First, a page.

One example is our application of standard work to Accounts Payable. By standardizing the work, we improved it so significantly that instead of needing three people to do the work, we only needed one. That allowed us to re-deploy the other two people to other priority work.

We started by putting the standard work in place as the basis for improvement, in this case, by agreeing to and documenting the one best way to pay an invoice and establishing actual takt and cycle times (rate of demand and standard process time). (See a sample standard work combination sheet below.) That allowed the team to ask themselves what was getting in their way of being able to predictably pay invoices based on the takt and cycle times. In other words, we started with “this is how it should happen when there are no deviations” – but since that’s not always the case, we asked why.

Many of the causes were around quality issues and re-work. So, we worked on moving to first-time quality (an error-free system) by addressing the Pareto of problems and defects. The number one issue was that the purchase order (PO) was missing, so the AP staff member had to track it down. We used a Pareto analysis to determine which functions and suppliers the majority of the missing POs were related to. The analysis helped us focus on engineering, where two to three suppliers were connected with 80% of the purchases without POs. The team implemented a process with a minimal administrative burden to ensure each purchase had a PO.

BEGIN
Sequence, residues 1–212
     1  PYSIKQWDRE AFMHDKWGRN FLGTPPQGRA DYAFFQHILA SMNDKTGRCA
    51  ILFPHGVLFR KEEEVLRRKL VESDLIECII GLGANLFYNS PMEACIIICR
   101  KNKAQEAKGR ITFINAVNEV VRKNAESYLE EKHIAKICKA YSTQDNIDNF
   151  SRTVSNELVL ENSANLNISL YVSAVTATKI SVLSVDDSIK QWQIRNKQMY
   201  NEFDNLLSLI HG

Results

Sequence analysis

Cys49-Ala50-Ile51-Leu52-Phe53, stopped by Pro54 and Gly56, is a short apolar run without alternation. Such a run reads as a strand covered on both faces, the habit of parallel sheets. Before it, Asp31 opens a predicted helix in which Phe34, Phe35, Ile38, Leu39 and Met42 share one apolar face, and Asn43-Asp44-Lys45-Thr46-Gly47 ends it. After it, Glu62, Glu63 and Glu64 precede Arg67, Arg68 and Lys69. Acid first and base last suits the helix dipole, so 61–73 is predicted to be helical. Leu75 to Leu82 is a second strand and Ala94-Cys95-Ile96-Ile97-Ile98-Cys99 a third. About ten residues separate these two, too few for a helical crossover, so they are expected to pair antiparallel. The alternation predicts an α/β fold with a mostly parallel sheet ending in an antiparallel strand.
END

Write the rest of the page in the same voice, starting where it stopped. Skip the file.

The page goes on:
Standard Work Combination SheetStandard Work Combination Sheet – Invoice Processing (excerpted from “Lean Accounting Presentation - Jake Brake Case Study” by Mark DeLuzio; used with permission.

 

The point is that without documenting a best practice and actual takt and cycle times, we wouldn’t have had the foundation we needed to identify and analyze deviations. You document the one best way to do the work -- which you know you won’t be able to meet all the time -- then you have the inputs that can be prioritized to do kaizen, use PDCA, and get closer to the ideal. And you have to observe the worker do the work, time it, and understand the rate of demand for the work. This approach can be applied to any transactional or repeatable process, whether it’s paying invoices in manufacturing or documenting insurance coverage in healthcare.

How have you helped accounting and finance teams embrace the importance on lean accounting, especially in the context of some of our less transactional, repeatable work?